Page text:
remaining asbestos use. Between 1973 and 2001, asbestos use in the
United States fell by 98 percent. With extensive regulations in
place and minimal use, the tort system's role in deterring harmful
behavior has been substantially reduced simply because there is
little activity to deter.
Yet even as the use of asbestos declined, the number of claims rose
substantially. The total number of claimants is estimated to have
grown from 21,000 in 1982 to over 600,000 by the end of 2000. To be
sure, some additional claims are warranted because cancers caused
by asbestos can take years to develop. An estimated 90 percent of
the new claims, however, are by people who have no cancers and may
never develop cancer. Claims by individuals without a diagnosed
asbestos-related cancer account for almost all of the growth in
asbestos case loads during the 1990s and most of the compensation
received by claimants goes to those without malignant cancers. Only
43 percent of the money spent on asbestos litigation is recovered
by claimants--the rest goes to lawyers and administrative costs. In
short, the current system neither achieves deterrence in the use
of this dangerous substance nor directs appropriate compensation
to its victims.
Instead, asbestos litigation has imposed costs on workers,
shareholders, and those who in the future will become ill from
their previous exposure to asbestos. Estimates suggest that roughly
60 companies entangled in asbestos litigation have gone bankrupt
primarily because of asbestos liabilities, with most of the
bankruptcies occurring since 1990. One study estimated that between
52,000 and 60,000 workers were displaced because of these
bankruptcies. Moreover, bankruptcy results in a shrinking pool of
money to be divided up among future claimants. The growing number
of bankruptcies raises concerns that those who become ill in the
future will receive little or no compensation.

For other injuries, a possible approach to compensating accident
victims would be a system akin to workers' compensation, in which
compensation would be provided by an insurance system. New Zealand
has replaced the personal injury and medical liability aspects of
its tort system with a government-run compensation system. Such a
system, however, can increase the prevalence of accidents because
fully-insured individuals may not take sufficient care against a
loss. This is not a concern in cases where accidents have already
occurred, such as asbestos exposure. In other cases, such as product
liability or medical liability, the effect of changes in the system
on the behavior of potential victims is an important consideration.
Moreover, like the tort system, workers' compensation systems tend
to be costly to administer and may encourage frivolous claims.
Replacing the tort system with a more general workers' compensation
system could well mean replacing one costly and inefficient system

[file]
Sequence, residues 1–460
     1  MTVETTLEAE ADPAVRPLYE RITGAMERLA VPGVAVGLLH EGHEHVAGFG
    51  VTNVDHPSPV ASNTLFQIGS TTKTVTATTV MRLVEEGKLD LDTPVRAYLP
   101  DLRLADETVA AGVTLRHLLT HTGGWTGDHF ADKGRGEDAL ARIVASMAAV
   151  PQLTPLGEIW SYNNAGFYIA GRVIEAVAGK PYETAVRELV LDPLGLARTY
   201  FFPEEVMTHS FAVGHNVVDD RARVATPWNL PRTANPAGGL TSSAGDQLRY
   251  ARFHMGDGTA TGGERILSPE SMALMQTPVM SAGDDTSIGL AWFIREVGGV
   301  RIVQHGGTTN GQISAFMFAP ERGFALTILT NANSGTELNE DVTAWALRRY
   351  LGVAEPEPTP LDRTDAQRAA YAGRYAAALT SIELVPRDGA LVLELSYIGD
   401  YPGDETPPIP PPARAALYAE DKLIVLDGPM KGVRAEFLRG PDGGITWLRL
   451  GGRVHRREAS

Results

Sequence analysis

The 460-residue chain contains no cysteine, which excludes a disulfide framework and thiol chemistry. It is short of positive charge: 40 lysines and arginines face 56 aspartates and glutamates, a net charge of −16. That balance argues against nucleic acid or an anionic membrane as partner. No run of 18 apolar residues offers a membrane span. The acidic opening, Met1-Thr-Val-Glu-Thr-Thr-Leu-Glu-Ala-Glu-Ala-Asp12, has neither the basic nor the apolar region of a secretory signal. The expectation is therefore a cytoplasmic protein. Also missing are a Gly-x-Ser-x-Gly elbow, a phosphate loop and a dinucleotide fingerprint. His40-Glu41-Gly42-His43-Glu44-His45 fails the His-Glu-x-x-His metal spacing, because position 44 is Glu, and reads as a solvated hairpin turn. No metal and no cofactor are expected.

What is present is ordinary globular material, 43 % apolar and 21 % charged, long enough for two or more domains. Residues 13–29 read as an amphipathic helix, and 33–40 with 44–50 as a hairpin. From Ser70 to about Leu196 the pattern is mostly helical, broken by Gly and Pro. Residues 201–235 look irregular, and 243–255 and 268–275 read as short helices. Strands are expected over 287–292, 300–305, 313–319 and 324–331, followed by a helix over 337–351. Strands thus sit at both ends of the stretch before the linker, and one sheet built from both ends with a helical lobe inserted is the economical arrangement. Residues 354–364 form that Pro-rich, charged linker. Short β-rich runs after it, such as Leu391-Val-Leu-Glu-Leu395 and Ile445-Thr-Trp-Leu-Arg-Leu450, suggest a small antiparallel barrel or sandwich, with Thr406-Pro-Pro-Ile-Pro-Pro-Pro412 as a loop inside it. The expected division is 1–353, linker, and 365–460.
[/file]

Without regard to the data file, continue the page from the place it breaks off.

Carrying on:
with another.

Avoiding the Tort System

Recontractualization is an alternative approach to reform that has
been the subject of considerable academic discussion. According to
this idea, individuals and firms would be allowed to specify by
contract the types of damages for which injurers would be liable. For
example, consumers or their insurers could determine individual caps
on damages in exchange for lower prices for goods and services. In
principle, potential defendants would enter into such contracts if
they reduced the expected costs of dealing with injuries. Such a
system would be voluntary, so that individuals could refuse to
participate if offered a contract by a potential defendant that
was inferior to the insurance associated with the tort system.

A possible drawback to this approach is that the courts currently
view contracts limiting damages or defining negligence with
suspicion. Courts have held that warranties that limit liability are
not enforceable because they are contracts of adhesion--agreements
that the purchaser of a product or service has no choice but to accept.
Hence, it is likely that any steps toward recontractualization would
require substantial institutional and legal changes. This could
explain why this approach has not received much attention from
policy makers.


The tort system has expanded in the last 30 years. By expanding the
number of accidents for which accident victims receive compensation,
the current tort system in effect requires the suppliers of goods and
services to provide insurance to their customers. This tort-based
insurance against accidents appears to be more expensive than other
methods of compensating victims. At least in the cases of product
liability and medical liability, the expansion of the tort system
does not appear to have had an appreciable effect in deterring
negligent behavior.
The President has proposed several initiatives to reduce the burden
of torts on the economy. These include placing limits on noneconomic
damages, reforming class action procedures, and finding alternative
methods to compensate injuries such as those that have been proposed
for people suffering from asbestos-related ailments. These steps
would focus the tort system on those cases it can deal with most
effectively and lessen the costs to society of frivolous lawsuits and